10 Ways To Tackle Common Sleep Problems That Keep Kids And Their Parents Up | AD

*This is a collaborative guest post

At every stage of your child’s life, there are adjustments that need to be made. From the food our kids eat to the clothes they wear, parents are constantly having to adjust to their child’s needs. Issues related to their sleep habits are no different. Children will experience different sleep problems at various stages, and, as their parents, we have to know how to help them. 

Additionally, many of these sleep issues can keep parents up at night. In fact, a new survey done by Sleep Junkie found that parents spent an average of 5 hours and 25 minutes a night helping their children fall asleep during the first year of parenthood. Although sleep loss will lessen as children mature, parents still spend a significant amount of time putting their kids to bed. 

Fortunately, there are practical adjustments you can make to ease this burden. Below we have compiled a list of 10 tips that can help the whole family find a better night’s sleep. 

1 – Know Your Child’s Needs

The first thing you will want to take note of is the amount of sleep your child needs. This number includes nighttime sleeping and any naps they take throughout the day. Understanding their specific requirements will help you establish a schedule for bedtimes, nap times, and wake-up times. Refer to the list below to find out what your child’s requirements are.

  • Infants – 1 to 4 weeks old: 12-16 hours 
  • Toddlers – 1-2 years old: 11-14 hours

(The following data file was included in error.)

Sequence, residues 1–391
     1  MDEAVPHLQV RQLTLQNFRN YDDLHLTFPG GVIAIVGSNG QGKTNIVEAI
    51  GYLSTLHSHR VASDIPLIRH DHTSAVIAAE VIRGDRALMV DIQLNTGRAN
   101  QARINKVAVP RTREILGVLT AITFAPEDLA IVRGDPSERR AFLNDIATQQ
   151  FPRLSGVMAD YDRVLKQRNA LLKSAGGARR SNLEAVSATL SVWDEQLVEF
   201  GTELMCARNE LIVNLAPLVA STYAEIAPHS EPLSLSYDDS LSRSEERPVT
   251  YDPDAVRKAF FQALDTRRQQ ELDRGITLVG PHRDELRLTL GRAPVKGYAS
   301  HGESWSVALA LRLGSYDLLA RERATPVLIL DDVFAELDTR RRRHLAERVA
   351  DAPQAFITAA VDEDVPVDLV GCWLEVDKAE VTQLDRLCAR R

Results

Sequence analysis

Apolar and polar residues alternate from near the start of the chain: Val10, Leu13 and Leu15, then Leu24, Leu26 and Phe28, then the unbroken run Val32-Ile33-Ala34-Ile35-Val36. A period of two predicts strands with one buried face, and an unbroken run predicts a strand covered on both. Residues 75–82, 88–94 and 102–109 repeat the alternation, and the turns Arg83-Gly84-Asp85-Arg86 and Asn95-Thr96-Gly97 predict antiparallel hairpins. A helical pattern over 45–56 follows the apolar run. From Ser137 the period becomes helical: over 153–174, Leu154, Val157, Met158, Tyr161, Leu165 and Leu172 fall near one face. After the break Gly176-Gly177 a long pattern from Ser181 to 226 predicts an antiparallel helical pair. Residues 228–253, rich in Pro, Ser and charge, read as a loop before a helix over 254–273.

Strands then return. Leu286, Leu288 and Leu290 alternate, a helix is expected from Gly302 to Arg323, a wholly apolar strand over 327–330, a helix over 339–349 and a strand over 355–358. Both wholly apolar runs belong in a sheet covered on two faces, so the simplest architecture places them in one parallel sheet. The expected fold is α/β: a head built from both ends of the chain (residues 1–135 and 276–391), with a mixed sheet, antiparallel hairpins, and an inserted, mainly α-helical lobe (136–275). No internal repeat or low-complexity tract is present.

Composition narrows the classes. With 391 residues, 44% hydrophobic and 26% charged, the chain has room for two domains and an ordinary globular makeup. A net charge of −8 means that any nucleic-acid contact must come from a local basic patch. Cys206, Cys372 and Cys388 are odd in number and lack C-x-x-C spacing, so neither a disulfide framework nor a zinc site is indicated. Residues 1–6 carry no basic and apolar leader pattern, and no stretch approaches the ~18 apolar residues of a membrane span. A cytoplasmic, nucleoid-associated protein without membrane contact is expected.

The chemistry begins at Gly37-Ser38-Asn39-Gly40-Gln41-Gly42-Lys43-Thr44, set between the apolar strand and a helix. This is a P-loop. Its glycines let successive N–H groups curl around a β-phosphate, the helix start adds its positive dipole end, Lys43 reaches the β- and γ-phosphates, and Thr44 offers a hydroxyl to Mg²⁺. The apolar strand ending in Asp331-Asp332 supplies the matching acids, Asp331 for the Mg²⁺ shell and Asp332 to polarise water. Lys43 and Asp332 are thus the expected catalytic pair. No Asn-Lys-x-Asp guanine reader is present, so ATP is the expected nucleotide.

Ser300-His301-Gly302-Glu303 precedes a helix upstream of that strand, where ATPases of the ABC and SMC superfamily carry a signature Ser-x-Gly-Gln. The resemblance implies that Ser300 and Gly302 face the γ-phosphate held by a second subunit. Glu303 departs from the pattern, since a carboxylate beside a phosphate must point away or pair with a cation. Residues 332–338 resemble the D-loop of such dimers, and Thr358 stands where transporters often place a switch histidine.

• Preschoolers – 10-13 years old: 9-12 hours 
  • Grade Schoolers – 6-12 years old: 9-12 hours 
  • Teens – 13-18 years old: 8-10 hours

2 – Create A Schedule

After determining how much sleep your child needs each day, you can establish a schedule with a set bedtime and wake-up time for both you and your child. Being consistent with this schedule will reinforce your body’s natural circadian rhythm and cause you to feel drowsy around the same time each night. Before long, your child will be climbing into bed without any trouble. 

3 – Make Bed Time A Family Event

At times, children may resist bedtime if they feel they are being left out. If parents or older siblings are still awake and enjoying themselves, children may become combative when they are forced to go to bed. If the whole family prepares for bed together, this can help them feel less anxious. 

4 – Create a Routine 

Your child will be more mentally and physically prepared for sleep if they have a set bedtime routine. Over time, the routine will automatically signal your child to relax and prepare for sleep. Consider working with your child to create a bedtime routine that works for them. Below we have included a list of activities that help promote relaxation. 

  • Brushing their teeth
  • Taking a relaxing bath
  • Putting on comfy pajamas 
  • Reading them a book 
  • Tucking them in 
  • Talking about their day

5 – Create a Soothing Environment 

Having a comfortable environment to retire to each night is vital to getting adequate sleep. This space should be stress-free and encourage relaxation. Consider keeping bedrooms cool, quiet, free of clutter, and with as little light as possible during the night.

Besides creating a soothing sleep environment, choosing children’s beds with storage can help minimize clutter and maintain an organized space. Utilizing built-in drawers or under-bed storage compartments can provide practical solutions for keeping toys, books, and clothing neatly stowed away, promoting a calm and peaceful atmosphere in the bedroom.